What bothers me from a MeFi-discussion perspective is when the prevailing attitude toward the wealthy gratuitously bleeds over into other topics of discussion, like whenever someone feels the need to point out that (random example, but this happens all the time) the members of Vampire Weekend come from well-to-do backgrounds and therefore deserve our contempt and resentment.
posted by eugenen at 1:06 PM on May 28, 2013 [4 favorites]


I do think we need to seperate out the "Eat the _____" rhetoric from the "_____ should all be shot" for one simple reason, believability.

The getting shot part is very believable; the armed revolution against the rich about as much as actual cannibalism. Now keeping "And X should be shot!" from becoming a common currency around here is probably a good thing, if only because it isn't really that funny. But, here's an idea: some of the effort we put into not talking about shooting people? What if we put that into actually keeping people from being shot.

I know? Crazies, right?
posted by octobersurprise at 1:07 PM on May 28, 2013


Corb, you're already flirtatiously dancing around whether or not you disapprove of slavery on the green right now.

While I happen to disagree with corb's analysis of the prime cause of the Civil War, I think that this statement is a rather uncharitable read of her participation in that thread.
posted by Tanizaki at 1:08 PM on May 28, 2013 [7 favorites]


running order squabble fest: "Corb, you're already flirtatiously dancing around whether or not you disapprove of slavery on the green right now."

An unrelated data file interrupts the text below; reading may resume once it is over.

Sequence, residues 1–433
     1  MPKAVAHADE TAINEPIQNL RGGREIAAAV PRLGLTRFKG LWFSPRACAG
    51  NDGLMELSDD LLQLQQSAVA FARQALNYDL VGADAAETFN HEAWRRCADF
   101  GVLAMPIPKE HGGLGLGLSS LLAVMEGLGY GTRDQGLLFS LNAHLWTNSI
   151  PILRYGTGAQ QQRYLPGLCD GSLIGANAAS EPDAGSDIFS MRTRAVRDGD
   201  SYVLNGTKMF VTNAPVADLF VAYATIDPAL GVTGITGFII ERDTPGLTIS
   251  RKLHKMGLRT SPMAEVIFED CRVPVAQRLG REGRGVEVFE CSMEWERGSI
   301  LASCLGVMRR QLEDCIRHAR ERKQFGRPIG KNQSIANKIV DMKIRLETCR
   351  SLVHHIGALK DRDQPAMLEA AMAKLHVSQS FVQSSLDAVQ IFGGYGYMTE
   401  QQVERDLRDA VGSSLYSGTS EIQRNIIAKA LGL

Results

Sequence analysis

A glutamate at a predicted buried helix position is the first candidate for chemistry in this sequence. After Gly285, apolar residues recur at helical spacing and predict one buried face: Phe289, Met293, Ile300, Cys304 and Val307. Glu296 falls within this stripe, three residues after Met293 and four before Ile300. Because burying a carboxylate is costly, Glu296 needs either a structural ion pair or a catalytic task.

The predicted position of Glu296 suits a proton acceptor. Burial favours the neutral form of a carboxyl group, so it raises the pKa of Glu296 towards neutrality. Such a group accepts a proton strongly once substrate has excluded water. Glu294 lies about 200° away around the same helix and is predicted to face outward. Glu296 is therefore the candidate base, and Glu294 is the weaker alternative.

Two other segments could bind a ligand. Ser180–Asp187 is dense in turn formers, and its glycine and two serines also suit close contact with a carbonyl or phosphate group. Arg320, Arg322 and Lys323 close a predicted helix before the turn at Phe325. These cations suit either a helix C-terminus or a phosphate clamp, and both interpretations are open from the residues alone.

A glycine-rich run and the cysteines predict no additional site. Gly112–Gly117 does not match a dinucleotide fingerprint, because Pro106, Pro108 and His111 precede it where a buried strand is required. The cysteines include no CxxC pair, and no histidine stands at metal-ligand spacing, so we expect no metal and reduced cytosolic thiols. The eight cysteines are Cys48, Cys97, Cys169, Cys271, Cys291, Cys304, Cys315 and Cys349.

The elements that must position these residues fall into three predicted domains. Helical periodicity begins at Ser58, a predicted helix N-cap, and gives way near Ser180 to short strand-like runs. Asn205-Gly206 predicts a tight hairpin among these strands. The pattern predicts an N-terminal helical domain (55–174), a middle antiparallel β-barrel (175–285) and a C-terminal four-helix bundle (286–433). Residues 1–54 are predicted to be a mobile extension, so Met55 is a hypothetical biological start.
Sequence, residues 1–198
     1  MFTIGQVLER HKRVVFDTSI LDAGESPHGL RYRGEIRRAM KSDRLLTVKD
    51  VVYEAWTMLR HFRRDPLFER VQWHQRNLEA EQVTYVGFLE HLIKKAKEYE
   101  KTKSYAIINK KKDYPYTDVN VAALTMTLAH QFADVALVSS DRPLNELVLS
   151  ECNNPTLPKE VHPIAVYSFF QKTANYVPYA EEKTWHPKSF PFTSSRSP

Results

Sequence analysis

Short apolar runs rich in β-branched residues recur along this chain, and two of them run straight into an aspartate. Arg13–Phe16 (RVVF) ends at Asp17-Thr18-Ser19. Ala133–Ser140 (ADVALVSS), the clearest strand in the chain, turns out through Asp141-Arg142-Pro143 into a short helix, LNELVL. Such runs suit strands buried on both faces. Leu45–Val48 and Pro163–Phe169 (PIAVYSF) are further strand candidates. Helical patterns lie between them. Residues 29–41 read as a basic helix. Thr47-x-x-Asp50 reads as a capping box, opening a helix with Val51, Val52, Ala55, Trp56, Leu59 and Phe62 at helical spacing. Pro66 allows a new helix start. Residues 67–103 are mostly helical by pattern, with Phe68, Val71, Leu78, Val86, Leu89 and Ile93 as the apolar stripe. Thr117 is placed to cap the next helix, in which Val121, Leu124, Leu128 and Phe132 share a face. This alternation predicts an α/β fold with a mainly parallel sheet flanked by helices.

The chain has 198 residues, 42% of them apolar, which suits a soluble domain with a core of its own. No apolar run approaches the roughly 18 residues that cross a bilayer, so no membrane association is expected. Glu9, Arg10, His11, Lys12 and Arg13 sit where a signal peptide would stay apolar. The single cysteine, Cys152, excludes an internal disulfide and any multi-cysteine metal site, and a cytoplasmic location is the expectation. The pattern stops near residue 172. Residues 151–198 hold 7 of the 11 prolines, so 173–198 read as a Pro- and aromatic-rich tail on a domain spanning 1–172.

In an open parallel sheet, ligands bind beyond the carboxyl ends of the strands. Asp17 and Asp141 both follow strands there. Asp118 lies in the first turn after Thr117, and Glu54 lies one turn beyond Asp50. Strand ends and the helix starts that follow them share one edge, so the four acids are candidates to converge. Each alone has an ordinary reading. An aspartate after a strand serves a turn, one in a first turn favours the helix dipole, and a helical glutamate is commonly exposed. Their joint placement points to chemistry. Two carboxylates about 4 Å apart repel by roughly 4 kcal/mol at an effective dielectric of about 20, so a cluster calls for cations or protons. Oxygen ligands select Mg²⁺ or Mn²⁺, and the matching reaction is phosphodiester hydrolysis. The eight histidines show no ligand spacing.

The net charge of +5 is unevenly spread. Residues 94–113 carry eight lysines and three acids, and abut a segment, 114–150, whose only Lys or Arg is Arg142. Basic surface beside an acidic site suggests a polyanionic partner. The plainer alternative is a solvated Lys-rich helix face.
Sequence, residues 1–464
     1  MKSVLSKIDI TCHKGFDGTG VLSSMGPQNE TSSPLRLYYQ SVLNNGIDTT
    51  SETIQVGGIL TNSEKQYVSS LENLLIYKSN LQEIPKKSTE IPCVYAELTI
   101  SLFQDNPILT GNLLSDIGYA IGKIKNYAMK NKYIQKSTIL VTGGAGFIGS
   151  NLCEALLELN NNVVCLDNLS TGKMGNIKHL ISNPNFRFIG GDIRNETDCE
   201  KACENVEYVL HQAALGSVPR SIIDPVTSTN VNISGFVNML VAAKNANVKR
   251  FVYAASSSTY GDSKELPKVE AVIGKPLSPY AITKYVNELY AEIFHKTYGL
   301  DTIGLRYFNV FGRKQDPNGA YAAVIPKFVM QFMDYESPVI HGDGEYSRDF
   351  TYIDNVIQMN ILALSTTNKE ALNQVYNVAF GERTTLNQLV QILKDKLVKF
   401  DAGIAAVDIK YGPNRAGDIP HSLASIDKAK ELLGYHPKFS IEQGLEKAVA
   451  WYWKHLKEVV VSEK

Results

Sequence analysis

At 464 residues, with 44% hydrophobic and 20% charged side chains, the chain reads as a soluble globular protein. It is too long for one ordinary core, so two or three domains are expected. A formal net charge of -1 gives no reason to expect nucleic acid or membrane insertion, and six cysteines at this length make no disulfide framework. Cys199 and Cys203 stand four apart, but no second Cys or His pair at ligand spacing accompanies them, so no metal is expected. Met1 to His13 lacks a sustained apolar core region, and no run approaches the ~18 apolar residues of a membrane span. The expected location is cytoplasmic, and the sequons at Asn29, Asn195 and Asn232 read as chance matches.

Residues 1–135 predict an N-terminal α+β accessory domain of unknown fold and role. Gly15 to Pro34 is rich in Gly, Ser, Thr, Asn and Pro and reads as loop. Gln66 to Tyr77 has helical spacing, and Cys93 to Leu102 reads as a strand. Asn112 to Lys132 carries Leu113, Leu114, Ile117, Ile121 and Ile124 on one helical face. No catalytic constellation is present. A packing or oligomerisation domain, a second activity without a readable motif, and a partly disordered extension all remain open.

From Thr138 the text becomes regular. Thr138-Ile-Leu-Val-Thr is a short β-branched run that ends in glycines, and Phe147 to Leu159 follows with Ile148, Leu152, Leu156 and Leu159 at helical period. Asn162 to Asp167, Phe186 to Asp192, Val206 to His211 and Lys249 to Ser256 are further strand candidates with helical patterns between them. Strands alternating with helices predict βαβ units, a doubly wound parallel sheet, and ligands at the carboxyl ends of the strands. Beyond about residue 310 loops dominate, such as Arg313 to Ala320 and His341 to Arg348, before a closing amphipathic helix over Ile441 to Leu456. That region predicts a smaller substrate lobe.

If you're going to make such an incendiary accusation, could you please at least link to the original comment? Without an original source link all we can respond to here is your interpretation of what she said.
posted by zarq at 1:12 PM on May 28, 2013


Yeah, so uncharitable that I had to confirm whether "on the green" was a typo or not. I thought maybe she actually AskMe asked (flirtatiously) about slavery.
posted by 0 at 1:13 PM on May 28, 2013


This thread, zarq.
posted by Rustic Etruscan at 1:17 PM on May 28, 2013


No zarq, run away and save yourself. Trust me.
posted by elizardbits at 1:18 PM on May 28, 2013 [15 favorites]


I mean, yeah, the corb show is a shitshow, but since you're interested in the smell ...
posted by Rustic Etruscan at 1:19 PM on May 28, 2013 [1 favorite]


Corb's analysis in that thread seems to be "The Civil War is complicated and simplistic labels of "traitor" don't do the conflict justice, and online liberal purity contests to denounce Confederate soldiers don't take into account why soldiers do what they do, which is frequently disconnected from the larger geopolitical aims of elites."

Is that fair? I admit I only skimmed the thread, is there an actual defense of slavery there?
posted by downing street memo at 1:20 PM on May 28, 2013 [2 favorites]


elizardbits: "No zarq, run away and save yourself. Trust me."

From personal experience, rosf has a lousy track record when it comes to accurately interpreting other people's my comments.

I'd rather see the original source than blindly trust his or her word.
posted by zarq at 1:22 PM on May 28, 2013 [1 favorite]


The thread is actually worse.
posted by elizardbits at 1:23 PM on May 28, 2013 [2 favorites]


is there an actual defense of slavery there?

No more than any other modern neo-confederate ever makes actual defenses of slavery. Yet. Just a lot of lost-cause/war-of-northern-agressionism.
posted by octobersurprise at 1:24 PM on May 28, 2013 [1 favorite]


Uh, that looks blue to me.
posted by thinkpiece at 1:25 PM on May 28, 2013 [1 favorite]